Sunday, November 9, 2008

Set Analysis

In QlikView version 8.50 there is new functionality called Set Analysis. A "Set" as used in this functionality is similar to the already familiar concept of a QlikView Selection. This functionality allows you to define chart expressions that are calculated using something other than the current selection.

QlikView's Selection capability is already a powerful, flexible capability -- essentially a grouping of data defined any way you choose. With Set Analysis you can compare two or more of these groupings quickly and easily. In the past, this kind of functionality in a QlikView report usually required special handling in the loadscript and table structure. Now, the Set Analysis can be set up using chart expressions and existing data.

I'm sure that I will be writing again about the capabilities of this feature, so today I will only offer two examples of what can be done. These are simple to try out on a report so be sure to try them. Remember though that you will need new version 8.50. You can download the latest version of QlikView from the QlikTech or QlikCommunity websites.


Imagine that you have a chart and one of the expressions shows historic inventory quantity. It might look like this:
Sum( qty_inv_hist )

Now, add a new expression next to that first one that will show historic inventory quantity but using the Previous Selection. "Previous Selection" is the selection you would get if you clicked on QlikView's Back button. The expression might look like this:
Sum( {$1} qty_inv_hist )

Note the curly braces that are part of this syntax. You now have a chart that compares data from the current selection to data from the previous selection. This is a very flexible feature. The previous selection might be: data from your top 5 sales regions, data from last month, data from last year, data from the Western states, data from regions where the new product has been introduced, data from products using blue labels, data from customers added in 2005, data from orders shipped by rail, etc. Get it? With little effort you can do kinds of data analysis you might never even have thought of before.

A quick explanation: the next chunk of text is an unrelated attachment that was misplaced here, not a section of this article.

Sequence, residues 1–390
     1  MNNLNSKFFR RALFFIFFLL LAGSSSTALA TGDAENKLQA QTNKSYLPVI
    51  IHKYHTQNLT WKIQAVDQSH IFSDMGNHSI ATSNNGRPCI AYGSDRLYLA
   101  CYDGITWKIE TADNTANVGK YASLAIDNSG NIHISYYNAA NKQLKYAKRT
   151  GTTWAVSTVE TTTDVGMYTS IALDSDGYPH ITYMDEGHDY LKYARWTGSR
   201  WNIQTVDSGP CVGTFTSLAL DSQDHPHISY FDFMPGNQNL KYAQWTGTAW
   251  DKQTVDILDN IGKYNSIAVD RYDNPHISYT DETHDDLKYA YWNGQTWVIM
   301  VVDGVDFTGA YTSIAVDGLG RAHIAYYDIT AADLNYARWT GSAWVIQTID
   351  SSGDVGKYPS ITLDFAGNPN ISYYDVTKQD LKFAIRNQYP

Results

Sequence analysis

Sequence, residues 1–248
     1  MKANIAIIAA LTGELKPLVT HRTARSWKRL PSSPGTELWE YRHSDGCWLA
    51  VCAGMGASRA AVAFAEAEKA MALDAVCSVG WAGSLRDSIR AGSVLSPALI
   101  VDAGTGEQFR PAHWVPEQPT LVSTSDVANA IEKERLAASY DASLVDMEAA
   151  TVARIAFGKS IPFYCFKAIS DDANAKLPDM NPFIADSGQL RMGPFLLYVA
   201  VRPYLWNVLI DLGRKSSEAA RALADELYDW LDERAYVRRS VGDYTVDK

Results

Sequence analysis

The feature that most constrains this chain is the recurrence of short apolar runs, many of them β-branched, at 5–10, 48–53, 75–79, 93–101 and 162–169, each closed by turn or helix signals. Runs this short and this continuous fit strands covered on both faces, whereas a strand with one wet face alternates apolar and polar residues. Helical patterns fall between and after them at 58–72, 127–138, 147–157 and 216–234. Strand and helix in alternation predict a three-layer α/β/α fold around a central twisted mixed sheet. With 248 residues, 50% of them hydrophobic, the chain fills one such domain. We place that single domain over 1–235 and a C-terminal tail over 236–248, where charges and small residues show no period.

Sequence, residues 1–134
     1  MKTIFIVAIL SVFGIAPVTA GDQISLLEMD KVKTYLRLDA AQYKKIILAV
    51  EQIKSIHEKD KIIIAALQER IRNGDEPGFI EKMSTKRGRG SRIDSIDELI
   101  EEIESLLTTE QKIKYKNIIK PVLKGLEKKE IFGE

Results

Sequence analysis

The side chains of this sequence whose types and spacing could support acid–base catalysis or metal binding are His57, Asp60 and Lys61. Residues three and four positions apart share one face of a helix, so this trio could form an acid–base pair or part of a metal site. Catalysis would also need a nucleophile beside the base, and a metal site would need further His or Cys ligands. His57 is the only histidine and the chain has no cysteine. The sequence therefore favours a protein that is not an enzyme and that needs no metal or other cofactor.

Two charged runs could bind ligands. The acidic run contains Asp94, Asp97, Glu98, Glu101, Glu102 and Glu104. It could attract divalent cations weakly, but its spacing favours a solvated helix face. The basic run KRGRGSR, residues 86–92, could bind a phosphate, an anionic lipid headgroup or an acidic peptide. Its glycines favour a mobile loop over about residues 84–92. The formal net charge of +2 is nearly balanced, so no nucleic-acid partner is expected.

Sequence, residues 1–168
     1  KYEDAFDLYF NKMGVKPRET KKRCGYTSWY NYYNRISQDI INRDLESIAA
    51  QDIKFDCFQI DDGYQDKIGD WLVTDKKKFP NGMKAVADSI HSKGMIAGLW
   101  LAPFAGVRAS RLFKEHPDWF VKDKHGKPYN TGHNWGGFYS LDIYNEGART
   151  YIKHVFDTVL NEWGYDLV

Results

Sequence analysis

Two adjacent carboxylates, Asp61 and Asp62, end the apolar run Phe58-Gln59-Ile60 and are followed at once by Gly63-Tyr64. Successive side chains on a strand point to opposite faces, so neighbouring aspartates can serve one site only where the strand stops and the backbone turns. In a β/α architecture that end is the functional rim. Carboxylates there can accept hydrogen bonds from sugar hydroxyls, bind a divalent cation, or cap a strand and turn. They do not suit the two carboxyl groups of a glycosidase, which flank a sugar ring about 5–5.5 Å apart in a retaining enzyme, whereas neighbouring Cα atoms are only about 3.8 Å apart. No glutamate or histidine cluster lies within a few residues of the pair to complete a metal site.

Now, add another expression that will be calculated using a selection stored inside a bookmark. This is what the expression might look like for a bookmark named "TB Item List":
Sum( { "TB Item List" } qty_inv_hist )

Quotes are required around the bookmark name because it contains spaces (you could also use square braces, [ ], instead of quotes). The idea is similar to the expression that used a previous selection except that now the selection used in this expression will be based on the bookmark selection no matter what the current selection is in the report. The bookmark can be changed at any time, of course, and some people might find this feature easier to control than the one based on a previous selection. Using a bookmark is appropriate too for a complex selection that involves making selections from several fields. The idea of a Previous Selection as in the example above works only for the most recent field where you made a selection. If the selection you want to use in the chart expression involves several fields then a bookmark is the way to go. To make this a little easier for report users, you could use a variable in the expression for the bookmark name and give the report users an input box so that they can choose the bookmark to use without opening up the chart expressions. Remember that bookmarks can be exported and shared even among dissimilar reports (Click here to read a little about sharing bookmarks).